The Invisible Man
"The Invisible Man" was one of the earliest Universal Monsters the famous studio created. It was based upon a novel by H.G. Wells, who also wrote The Time Machine, The Island of Dr. Moreau, and War of the Worlds. While the last three films are sunk deep in the realm of science fiction, "The Invisible Man" works best as a horror film. A dark reminder of what science experimentation can do to a person and how they can be corrupted. The film was made in the early 1930's, which means it may not be as haunting to the casual horror fan. Still, there is some material that I find majestically creepy.
Take a look at the picture above, that is actually a pretty realistic looking invisible man. With today's technology, we can make an effective invisible person in a snap. But this was 1933, they didn't have the Skywalker ranch, they didn't have WETA. How Universal studios were able to make such an effective looking invisible person is beyond my rational thought. This great look is persistent the entire movie long. I am in deep awe of how well it looked. "The Invisible Man" was not the only Unviersal movie to feature true movie magic, there are several films from that era that played with our senses in way that was fun and thrilling.
I was also taken aback by how the film makes winter weather scary. Usually when we think of winter weather, we think Christmas. When we think of Christmas we think of family, friends, loved ones, snowmen, hot chocolate, presents, and giving. These are all widely positive concepts. Yes, winter weather is a bitch, but it also fills me up with happy thoughts. When I am watching a horror movie, happy thoughts are the last thing I feel I am going to think of. But "The Invisible Man" nearly tarnishes that psychic norm I had in my head for a very long time. How the film uses weather in the film is both astonishing and terrifying in equal measure.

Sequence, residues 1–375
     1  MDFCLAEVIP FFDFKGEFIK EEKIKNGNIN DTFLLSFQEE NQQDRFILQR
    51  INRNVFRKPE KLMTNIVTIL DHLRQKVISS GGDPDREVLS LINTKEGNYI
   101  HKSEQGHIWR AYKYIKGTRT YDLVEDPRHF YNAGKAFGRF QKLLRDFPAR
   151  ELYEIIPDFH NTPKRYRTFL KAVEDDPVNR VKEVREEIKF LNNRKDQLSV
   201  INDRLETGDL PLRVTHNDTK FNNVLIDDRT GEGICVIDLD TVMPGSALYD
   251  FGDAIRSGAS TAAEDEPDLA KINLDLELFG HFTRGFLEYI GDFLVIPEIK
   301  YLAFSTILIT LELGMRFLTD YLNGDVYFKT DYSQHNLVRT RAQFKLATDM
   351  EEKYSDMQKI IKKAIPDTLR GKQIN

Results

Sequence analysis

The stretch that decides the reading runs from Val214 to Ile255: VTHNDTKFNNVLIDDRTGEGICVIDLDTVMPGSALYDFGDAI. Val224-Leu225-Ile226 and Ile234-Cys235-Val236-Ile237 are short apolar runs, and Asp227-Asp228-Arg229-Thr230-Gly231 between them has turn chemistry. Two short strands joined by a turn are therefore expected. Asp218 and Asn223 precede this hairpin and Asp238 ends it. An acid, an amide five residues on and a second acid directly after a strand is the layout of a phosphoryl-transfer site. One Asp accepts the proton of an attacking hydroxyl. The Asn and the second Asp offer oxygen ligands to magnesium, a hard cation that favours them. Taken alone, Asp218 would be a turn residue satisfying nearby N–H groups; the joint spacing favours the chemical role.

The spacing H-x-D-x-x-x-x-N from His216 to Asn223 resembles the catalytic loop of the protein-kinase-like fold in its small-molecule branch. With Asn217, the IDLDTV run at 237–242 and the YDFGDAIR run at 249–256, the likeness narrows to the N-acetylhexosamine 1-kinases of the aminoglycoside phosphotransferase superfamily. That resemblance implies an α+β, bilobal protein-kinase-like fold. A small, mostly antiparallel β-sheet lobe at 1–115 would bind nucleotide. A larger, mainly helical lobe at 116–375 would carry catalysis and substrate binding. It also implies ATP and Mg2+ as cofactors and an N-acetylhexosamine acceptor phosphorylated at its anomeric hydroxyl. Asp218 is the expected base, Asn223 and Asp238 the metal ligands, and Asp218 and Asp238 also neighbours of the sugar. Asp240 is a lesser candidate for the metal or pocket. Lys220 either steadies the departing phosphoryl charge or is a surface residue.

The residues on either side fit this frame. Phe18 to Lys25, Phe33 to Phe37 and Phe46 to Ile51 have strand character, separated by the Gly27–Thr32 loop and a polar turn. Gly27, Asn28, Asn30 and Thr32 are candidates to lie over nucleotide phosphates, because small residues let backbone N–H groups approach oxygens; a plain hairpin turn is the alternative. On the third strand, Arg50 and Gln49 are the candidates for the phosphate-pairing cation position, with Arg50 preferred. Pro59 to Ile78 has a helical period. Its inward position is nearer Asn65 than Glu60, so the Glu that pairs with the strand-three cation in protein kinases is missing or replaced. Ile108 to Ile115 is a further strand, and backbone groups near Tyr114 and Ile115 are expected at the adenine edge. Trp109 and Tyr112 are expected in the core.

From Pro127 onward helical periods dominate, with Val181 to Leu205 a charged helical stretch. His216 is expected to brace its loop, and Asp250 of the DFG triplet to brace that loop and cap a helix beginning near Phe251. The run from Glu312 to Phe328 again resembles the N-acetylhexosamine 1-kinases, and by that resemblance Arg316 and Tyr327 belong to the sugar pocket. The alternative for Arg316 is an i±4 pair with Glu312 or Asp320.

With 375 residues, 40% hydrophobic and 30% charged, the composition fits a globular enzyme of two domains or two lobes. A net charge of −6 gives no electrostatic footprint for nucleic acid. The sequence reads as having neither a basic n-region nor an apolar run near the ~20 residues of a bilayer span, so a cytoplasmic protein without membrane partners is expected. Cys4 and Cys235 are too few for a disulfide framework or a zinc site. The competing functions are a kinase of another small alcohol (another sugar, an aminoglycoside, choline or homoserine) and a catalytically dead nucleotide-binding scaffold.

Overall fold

I can't get too much further into this review without pointing out the extraordinary performance by Claude Rains. Claude Rains was like a Tom Hanks or a Tom Cruise of his time, putting his unique signature on an entire host of big, memorable roles. Claude Rains is absolutely fascinating in this role. He is gripping, funny and horrifying all at the same time. He has a maniacal laugh that will get under your skin and have you cheering at the same time. For this film to work, there needed to be an actor who could make this role his own and make something special out of it. I think Claude Rains did that and more with the role.
In the mood for some old school? Look no further than "The Invisible Man"